Viewed from His Workroom Floor:
A Personal Perspective on Bob Cobbing
(1920 - 2002)

by Paul Dutton
The following essay first appeared in Open Letter,
Eleventh Series, No. 7, Spring, 2003.  

England, early summer, 2002. I'm in London to perform with CCMC, the free improvising trio with which I oralize (some call it singing, some call it sound poetry; I call it oralizing—or soundsinging). The festival we're playing in couldn't afford hotel rooms for the week-long period needed to secure an airfare price the festival could afford, so we're on our own for accommodations, and I'm staying at Bob Cobbing's. Fact is, I'd probably be staying at Bob's anyway, because ... well, that's where I stay when I'm in London, especially since my reason for going there usually has to do with Bob: a reading he's arranged for me, or simply a visit with him.

It's not quite five-star accommodation at Bob's. I contend for space with a photocopier (Bob's principal working tool for both his artistic output and literary publishing); with sundry cartons and boxes; with a chest of wide, shallow drawers, the top of which bears a paper-cutter surrounded by a proliferation of papers; and with various boards and vinyl-covered hardware of uncertain character and indeterminate function (each, though, I'm sure, with their proper place and role in Bob's work universe); all hemmed in by shelving units along the walls and down half the middle of the room, every unit crammed with boxes and paper stock; with publications and / or material for publications of Writers Forum, the imprint Bob used for what poet Lawrence Upton has pegged at "almost 1400 titles, about one title a fortnight for half a century." (Some of those titles might consist of only four or eight pages, but still ... Somewhere down behind one of those metal shelving units is a daunting conglomeration of boxes and knick-knacks, of small percussion instruments and various unidentifiables, none of which I've investigated or asked about, and most of which appear virtually undisturbed from visit to visit over some fifteen years, during which the room's basic geography has remained the same, with shifting topographic details, and the occasional tectonic plate adjustment.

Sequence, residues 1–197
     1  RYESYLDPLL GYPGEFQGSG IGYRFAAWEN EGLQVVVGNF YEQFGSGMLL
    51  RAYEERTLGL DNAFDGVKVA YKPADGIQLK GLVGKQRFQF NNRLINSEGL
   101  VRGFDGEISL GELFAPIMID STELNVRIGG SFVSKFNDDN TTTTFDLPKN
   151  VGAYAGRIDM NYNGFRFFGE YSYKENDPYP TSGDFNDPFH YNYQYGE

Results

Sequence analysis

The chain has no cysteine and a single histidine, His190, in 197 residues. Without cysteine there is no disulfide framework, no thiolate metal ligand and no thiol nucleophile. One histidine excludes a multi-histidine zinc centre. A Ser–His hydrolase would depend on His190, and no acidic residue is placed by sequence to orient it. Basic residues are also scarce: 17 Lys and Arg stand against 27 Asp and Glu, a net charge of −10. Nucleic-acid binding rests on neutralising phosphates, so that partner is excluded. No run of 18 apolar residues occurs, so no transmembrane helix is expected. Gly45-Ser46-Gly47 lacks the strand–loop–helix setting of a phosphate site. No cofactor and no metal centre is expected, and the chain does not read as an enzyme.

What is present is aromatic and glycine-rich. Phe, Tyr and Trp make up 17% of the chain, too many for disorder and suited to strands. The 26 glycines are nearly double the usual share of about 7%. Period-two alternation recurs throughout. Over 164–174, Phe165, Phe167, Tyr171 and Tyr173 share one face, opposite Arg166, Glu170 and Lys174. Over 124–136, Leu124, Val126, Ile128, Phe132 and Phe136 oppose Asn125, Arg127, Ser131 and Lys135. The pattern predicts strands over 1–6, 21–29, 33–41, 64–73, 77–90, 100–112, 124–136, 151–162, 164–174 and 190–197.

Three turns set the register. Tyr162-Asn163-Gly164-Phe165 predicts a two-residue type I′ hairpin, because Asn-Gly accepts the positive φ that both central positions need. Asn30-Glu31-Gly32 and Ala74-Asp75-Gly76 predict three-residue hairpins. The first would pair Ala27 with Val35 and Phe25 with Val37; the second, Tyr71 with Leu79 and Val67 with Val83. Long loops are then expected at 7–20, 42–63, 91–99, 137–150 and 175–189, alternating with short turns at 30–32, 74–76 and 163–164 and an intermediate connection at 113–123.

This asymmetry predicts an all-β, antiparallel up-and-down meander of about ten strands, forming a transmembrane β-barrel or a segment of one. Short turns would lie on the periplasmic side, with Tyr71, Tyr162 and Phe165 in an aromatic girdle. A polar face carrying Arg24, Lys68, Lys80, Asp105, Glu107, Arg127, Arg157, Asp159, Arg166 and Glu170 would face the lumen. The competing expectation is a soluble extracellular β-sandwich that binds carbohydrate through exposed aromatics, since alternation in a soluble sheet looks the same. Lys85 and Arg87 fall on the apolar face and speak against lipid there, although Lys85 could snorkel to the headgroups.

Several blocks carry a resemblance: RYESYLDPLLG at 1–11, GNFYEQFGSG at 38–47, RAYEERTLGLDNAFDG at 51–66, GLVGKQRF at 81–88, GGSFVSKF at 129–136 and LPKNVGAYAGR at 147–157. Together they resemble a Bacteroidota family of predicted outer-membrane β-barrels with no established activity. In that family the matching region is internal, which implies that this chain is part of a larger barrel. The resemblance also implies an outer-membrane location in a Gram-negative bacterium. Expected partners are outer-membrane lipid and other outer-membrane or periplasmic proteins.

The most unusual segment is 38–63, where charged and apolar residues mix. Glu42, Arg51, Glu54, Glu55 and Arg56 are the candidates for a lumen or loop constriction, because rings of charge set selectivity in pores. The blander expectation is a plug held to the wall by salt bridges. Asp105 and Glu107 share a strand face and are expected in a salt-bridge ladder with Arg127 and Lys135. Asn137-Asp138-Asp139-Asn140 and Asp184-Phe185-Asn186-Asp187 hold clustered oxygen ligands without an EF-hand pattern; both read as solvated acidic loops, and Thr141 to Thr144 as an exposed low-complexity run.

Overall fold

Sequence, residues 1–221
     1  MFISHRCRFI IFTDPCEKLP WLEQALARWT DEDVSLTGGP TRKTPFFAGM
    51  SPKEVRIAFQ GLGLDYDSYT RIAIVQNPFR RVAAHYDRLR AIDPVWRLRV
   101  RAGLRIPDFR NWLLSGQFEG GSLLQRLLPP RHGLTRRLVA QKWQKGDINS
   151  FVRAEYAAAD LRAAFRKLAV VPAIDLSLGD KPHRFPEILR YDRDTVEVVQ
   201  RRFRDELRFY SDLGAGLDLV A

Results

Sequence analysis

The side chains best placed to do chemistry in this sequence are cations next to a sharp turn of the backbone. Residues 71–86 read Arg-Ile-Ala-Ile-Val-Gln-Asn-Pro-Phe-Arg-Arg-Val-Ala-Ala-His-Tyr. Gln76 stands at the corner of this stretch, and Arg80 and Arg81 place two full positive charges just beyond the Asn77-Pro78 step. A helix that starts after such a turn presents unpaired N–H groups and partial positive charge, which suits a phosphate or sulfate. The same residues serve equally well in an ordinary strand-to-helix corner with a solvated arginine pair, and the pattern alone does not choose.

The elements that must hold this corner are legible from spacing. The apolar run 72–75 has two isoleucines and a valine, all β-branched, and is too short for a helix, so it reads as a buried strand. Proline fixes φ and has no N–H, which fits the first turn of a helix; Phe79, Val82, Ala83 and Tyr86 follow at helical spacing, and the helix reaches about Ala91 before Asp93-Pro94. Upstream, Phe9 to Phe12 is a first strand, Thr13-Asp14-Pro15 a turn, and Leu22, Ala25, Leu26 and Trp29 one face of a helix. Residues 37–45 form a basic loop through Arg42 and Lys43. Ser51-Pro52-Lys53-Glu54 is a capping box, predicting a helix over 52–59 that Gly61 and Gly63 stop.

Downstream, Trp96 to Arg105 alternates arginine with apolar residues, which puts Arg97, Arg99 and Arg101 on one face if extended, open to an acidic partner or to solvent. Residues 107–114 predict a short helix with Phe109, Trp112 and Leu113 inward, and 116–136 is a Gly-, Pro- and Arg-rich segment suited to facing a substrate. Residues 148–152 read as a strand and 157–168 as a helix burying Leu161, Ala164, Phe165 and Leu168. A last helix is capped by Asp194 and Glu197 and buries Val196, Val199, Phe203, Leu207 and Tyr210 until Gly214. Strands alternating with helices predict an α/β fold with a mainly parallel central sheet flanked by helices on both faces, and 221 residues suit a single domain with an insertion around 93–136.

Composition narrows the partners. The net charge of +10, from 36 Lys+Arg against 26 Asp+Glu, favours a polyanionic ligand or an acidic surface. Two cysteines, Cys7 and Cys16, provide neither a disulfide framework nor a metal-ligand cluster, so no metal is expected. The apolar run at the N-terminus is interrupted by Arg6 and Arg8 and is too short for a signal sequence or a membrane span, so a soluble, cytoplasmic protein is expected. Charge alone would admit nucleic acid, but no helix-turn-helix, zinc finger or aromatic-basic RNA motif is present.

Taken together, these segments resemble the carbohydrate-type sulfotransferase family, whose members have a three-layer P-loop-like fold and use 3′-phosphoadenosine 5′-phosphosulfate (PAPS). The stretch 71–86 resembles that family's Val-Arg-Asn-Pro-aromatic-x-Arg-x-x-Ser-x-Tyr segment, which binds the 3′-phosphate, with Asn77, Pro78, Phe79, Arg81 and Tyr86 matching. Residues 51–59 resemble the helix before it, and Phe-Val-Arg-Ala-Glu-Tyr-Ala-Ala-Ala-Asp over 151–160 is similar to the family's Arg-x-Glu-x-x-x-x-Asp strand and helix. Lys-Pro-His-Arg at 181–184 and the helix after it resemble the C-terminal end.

Amidst all this mass and clutter, I have a modicum of space. "I managed to dig out a hole for you," Bob commented on one occasion, with a characteristic kind of wry cheerfulness, as he ushered me into my quarters. The hole he has on several occasions dug out for me is sufficient for a narrow foam mattress on the heavy-felt-tiled concrete floor (somewhere along the line, I chose to abandon the regularly proffered folding aluminum-frame cot in favour of solider back support), and also for a little low stool at the foot of the mattress and bedding, which stool bears my suitcase, out of which I will live for the duration. My time, of course, will be spent primarily in other parts of the house, and in London at large. Not that either of those are any less cluttered or seemingly chaotic than Bob's workroom—although the city does have some relatively open spaces.